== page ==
Zadar is located on the Dalmatian coast of Croatia, north of Split and Dubrovnik, making it accessible by road (if you are on a Croatian road trip) or by air, having its own international airport. As well as the historical sites and architectural structures, the city is full of fabulous restaurants, cool bars, boutique accommodation – and of course, the turquoise Adriatic which wraps itself around the peninsula. A much recommended Croatian destination.

restoran no 4 : sibenik : dalmatia

restoran no 4 : sibenik : dalmatia

Šibenik is an absolutely delightful city, on the dalmatian coast of Croatia. We’re up in northern Istria, so it is quite far away from us – just over 400kms – but as the drive is largely along the E65, the Adriatic Highway, it’s a pleasure to do. The road literally hugs the sea, for miles and miles and miles and sweeps around the most dramatic bays, with plunging cliffs and turquoise waters. Think the Amalfi Coast, without the tourist buses and log-jams. For a lot of the way, it was just us and the views. The islands of Krk, Rab and Pag also run parallel to the road. With all of the towns on the western sides of these islands, the landscape of each, facing the E65, is almost lunar-like. The islands look like sleeping elephants rising out of The Adriatic – just stunning.

And so to Šibenik, more of which in a separate blog, as the city itself, and the boutique hotel we found, are deserving of their own write-up. This blog is all about an amazing restaurant we found, deep in the heart of the old city – Restoran No 4. It doesn’t appear to have a website and its Insta account hasn’t been used on a regular basis. Unsurprising, as the waiter told us that they don’t really advertise themselves, as they don’t really need to. It’s situated off one of the many higgeldy-piggedly white marble paved streets up in the old town. A carved wooden sign, stating “Restoran No 4 Fish & Steak” points up a narrow alleyway, with the menu underneath. We were sold on the menu immediately, for me especially the white fish fillet dish with leeks, courgettes and carrots, and decided that we’d book an outdoor table for the evening.

The little alleyway was set up for evening dinners – a row of tables for two, with candles in wallholders already in evidence. A result even before we sat down. What we didn’t notice however, was the internal courtyard beyond, where we were lucky enough to secure a table. When we arrived for our 8pm table, the restaurant was full – although tables still placed apart to adhere to Covid regulations – so we were delighted to have a reservation in this courtyard.

I say courtyard, but in reality this space would have been a communal area, for the people who lived in apartments up and around the square, and businesses who operated from it. On one side, an artist lived and had his studio here, right up until he died. It hasn’t been taken over and so has a feeling of faded grandeur and elegance. The old bakery, long since closed, is still in evidence, with the faded ghost sign above the door. On one side of the square, sits a beautiful church, the ancient facade being a backdrop to the restaurant. To the side of the church, an ancient Venetian style stone staircase leads up to an apartment. And, unlike the other buildings, these apartments are still lived in, evidenced by people coming and going, between the tables, returning home or leaving for an evening out. Amazing.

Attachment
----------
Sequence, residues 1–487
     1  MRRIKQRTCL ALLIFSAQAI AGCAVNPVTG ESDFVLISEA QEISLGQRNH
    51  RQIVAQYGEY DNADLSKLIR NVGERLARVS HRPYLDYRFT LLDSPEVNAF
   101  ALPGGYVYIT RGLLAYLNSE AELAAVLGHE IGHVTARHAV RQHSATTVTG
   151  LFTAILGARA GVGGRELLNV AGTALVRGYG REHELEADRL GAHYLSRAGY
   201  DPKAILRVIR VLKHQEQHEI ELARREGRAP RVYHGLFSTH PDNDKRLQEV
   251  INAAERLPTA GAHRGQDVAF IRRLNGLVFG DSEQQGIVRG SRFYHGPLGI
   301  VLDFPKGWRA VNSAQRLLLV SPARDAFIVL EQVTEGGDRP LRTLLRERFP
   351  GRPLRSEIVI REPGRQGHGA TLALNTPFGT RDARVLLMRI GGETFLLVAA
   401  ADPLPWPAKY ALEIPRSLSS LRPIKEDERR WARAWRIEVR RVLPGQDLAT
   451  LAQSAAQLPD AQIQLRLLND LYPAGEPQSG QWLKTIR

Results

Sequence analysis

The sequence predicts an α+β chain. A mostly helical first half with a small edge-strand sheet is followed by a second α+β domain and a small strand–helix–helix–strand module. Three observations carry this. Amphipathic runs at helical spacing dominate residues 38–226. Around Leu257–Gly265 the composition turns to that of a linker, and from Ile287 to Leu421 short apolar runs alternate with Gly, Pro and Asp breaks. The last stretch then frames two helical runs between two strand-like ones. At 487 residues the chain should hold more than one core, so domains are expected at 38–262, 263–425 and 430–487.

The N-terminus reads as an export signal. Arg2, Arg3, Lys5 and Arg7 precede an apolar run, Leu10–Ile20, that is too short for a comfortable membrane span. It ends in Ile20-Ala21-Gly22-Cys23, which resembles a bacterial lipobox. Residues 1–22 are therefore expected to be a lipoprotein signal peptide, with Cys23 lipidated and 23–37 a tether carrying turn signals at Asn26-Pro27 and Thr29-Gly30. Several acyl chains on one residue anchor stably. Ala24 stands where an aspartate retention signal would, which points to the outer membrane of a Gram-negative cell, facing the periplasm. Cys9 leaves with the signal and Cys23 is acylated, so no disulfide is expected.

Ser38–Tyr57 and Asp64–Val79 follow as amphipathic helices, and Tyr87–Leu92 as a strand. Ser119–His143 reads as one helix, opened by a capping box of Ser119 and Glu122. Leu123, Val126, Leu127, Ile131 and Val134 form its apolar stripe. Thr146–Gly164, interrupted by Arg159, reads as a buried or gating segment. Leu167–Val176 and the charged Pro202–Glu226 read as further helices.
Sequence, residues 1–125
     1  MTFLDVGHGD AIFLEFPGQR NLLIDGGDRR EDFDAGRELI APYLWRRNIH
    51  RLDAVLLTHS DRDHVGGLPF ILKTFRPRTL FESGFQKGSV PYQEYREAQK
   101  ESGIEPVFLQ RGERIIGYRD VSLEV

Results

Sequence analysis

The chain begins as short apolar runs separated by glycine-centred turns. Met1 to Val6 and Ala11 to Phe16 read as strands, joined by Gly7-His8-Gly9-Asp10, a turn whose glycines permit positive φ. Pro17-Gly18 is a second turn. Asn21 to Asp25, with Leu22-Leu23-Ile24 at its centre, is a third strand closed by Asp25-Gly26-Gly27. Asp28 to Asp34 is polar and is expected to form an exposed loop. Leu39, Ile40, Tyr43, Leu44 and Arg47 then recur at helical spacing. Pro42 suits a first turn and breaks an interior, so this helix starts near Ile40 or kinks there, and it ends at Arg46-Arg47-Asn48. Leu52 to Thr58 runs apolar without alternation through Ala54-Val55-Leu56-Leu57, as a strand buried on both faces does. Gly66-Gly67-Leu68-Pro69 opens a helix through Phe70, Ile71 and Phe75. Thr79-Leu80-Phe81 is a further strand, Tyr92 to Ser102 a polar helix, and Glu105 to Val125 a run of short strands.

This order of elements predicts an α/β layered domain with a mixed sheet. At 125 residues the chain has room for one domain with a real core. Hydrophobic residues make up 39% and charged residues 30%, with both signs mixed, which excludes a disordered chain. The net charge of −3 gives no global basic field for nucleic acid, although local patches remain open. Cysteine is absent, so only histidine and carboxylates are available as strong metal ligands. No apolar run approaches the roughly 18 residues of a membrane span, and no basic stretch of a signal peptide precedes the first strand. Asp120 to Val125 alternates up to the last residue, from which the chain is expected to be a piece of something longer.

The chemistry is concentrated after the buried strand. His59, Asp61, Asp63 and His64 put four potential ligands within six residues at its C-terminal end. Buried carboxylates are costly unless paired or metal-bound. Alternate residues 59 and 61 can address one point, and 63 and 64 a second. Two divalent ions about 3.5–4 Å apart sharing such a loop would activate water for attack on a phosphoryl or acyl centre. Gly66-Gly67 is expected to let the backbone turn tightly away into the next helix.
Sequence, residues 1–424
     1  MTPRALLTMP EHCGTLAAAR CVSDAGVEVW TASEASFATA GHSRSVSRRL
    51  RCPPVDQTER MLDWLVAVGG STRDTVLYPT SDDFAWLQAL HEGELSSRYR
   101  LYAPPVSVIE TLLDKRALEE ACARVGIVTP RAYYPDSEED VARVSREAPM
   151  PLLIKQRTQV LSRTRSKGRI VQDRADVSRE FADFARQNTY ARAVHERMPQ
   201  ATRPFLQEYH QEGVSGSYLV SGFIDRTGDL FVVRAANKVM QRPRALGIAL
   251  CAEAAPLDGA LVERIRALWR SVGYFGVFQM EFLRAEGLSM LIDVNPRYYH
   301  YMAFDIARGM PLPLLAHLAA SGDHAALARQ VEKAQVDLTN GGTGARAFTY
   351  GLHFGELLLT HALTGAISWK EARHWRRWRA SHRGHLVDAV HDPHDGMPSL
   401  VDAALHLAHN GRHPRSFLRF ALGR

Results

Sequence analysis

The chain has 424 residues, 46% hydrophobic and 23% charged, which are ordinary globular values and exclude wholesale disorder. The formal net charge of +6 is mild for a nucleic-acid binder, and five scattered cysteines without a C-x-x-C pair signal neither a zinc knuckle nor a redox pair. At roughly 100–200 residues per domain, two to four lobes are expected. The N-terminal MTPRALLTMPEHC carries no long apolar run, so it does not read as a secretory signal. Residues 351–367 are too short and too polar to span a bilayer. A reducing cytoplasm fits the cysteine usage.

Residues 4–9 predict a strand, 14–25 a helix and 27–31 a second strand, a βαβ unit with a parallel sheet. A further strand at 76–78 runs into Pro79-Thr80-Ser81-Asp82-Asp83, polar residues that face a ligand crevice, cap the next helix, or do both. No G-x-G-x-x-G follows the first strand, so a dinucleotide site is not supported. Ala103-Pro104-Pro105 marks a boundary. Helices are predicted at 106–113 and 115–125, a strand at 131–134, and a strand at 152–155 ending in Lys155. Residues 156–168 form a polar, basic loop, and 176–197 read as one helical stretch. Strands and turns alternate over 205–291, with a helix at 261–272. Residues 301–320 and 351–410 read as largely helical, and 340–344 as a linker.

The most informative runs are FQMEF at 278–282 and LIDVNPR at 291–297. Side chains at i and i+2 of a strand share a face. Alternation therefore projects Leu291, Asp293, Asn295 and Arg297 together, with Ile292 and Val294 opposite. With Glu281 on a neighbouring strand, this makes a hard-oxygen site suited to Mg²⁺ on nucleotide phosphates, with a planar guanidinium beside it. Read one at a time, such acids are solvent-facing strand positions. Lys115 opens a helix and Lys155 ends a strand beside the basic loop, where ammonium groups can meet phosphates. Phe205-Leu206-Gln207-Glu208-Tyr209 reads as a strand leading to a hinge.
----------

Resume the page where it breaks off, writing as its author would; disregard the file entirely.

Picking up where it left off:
So, the food. Wow. For a really moderately priced restaurant – given its setting and location – the food was outstanding. So good in fact, we decided to eat there again, the following evening. A very unusual thing for us to do. Not realising quite how filling the portions were, we opted for a mixed platter starter on the first visit – Dalmatian proscuitto and cheese, with walnuts, peppers, chilli jam and whipped cheese. And the most delicious sourdough bread. Mains were the fish that I spotted earlier on the menu in the afternoon – a fillet of the most succulent Dorado fish, baked in paper with leeks, carrots, zucchini, tomatoes, olives and white wine, and a chicken breast, filled with cheese and olives, wrapped in proscuitto and served with polenta slabs and pesto. Although these would have been sufficient, with hindsight, we just could not resist the roasted potatoes with rosemary and bacon pieces. Potatoes will never be the same again, thanks to Restoran No 4…

On night two, I opted for the chicken dish and the other choice was Linguine with Tuna. and, those potatoes…

There were only three desserts on the menu – Panna Cotta, Almond Cake and Cheesecake – and on both nights, we were determined to at least share one, having seen all three being delivered to various diners. However, we were so satiated on both nights, that we’ll need to revisit, and maybe leave sufficient room for said desserts. We were also introduced to a new Dalmatian white wine – Debit. Although nowadays considered to be an indigenous white variety from the region of North Dalmatia, it is actually thiught that it originated in Italy, in the vicinity of Bari. In Croatia, it is mostly grown in Dalmatia, where it is one of the predominant white grape varieties, and is considered a perfect accompaniment for white fish and chicken dishes. Another spot on recommendation from our waiter…

This is not a sponsored post and we were not paid, in any way, to write about and recommend Restoran No 4, and we paid in full, both nights, for our food and drink. We just thought that the restaurant was pretty amazing, and if anyone is thinking of visiting Šibenik, you won’t go far wrong if you dine here.